Vatican City, Mar 5, 2019 / 05:00 am
The Vatican has announced that a canonical process against Cardinal George Pell will soon begin in the Congregation for the Doctrine of the Faith. Pell was convicted last year by an Australian jury on five counts of child sexual abuse.
Pell’s case is well known to be controversial: while the cardinal was convicted by a jury of his peers, at least some Church figures seem to support his claim of innocence, and observers in Australia have raised serious questions about the integrity of his trial.
Secular media outlets and commentators, including some of Pell’s otherwise most implacable critics, have called the Victoria jury’s verdict into question.
Under those circumstances, the CDF has an unenviable task. Officials will approach the case with an awareness that their verdict, no matter where it lands, could have serious repercussions for the Church.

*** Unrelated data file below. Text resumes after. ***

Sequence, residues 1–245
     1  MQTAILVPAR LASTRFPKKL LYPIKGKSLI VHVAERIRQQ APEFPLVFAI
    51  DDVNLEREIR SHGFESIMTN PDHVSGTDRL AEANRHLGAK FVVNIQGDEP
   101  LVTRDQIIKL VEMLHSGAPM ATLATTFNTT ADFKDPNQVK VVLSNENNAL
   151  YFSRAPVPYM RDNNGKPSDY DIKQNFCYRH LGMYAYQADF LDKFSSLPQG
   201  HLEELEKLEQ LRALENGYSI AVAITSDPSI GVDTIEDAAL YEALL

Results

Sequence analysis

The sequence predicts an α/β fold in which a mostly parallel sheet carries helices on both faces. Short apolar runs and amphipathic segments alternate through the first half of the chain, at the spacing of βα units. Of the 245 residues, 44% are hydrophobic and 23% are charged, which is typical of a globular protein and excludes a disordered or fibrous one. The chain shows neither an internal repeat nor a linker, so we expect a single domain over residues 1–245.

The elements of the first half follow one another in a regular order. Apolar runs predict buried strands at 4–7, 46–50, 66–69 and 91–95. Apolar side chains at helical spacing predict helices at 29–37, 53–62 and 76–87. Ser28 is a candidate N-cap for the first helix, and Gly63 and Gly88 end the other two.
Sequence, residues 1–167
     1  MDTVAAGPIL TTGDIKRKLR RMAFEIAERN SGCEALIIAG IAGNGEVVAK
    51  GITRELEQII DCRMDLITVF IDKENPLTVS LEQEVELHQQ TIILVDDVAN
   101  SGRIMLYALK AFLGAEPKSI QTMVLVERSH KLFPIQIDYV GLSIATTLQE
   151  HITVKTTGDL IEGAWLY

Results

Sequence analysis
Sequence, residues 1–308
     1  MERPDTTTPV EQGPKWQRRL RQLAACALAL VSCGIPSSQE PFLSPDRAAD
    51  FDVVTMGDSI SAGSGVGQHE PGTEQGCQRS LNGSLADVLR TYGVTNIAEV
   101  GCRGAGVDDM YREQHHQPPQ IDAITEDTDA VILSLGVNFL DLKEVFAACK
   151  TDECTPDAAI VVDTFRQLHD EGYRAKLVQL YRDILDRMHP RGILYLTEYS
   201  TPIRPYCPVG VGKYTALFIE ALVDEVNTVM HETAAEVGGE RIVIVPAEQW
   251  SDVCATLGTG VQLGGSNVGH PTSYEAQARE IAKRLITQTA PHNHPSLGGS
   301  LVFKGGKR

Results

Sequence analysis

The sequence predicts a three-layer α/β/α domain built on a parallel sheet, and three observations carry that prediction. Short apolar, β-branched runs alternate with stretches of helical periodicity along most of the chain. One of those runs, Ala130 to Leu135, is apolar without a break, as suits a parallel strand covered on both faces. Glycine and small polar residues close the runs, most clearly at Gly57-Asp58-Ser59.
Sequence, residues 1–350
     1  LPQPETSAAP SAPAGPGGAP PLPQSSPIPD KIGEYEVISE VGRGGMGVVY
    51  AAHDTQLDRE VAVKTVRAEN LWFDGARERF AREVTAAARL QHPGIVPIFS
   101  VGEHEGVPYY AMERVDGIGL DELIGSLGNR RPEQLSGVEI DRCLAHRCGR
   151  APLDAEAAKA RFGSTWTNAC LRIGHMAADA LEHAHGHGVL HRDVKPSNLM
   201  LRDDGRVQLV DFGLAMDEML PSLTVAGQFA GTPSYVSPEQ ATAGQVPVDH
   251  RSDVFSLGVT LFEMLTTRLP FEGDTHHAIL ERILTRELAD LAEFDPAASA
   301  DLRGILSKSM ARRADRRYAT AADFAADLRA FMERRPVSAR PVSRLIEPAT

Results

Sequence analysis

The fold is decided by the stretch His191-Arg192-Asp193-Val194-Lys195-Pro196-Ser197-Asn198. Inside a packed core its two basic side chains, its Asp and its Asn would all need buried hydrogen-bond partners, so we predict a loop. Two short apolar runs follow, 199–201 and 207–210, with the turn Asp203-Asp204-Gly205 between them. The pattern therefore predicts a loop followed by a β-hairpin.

Canonical trials often take place after a civil government has ended its case against an alleged abuser, and the Church has developed some practices as a consequence of that.
For example, the transcripts of criminal trials in sexual abuse cases are routinely admitted as canonical evidence in Church trials. Very often, civil findings are treated as practically conclusive proofs, leading to an abbreviated administrative process.
Given the controversy caused by the Australian verdict, Pell’s canonical representatives are likely to insist on a full trial at the CDF, and to resist any overtures toward an abbreviated administrative process, like the one that handled the recent case of Theodore McCarrick.
Still, the situation invites comparison to McCarrick’s.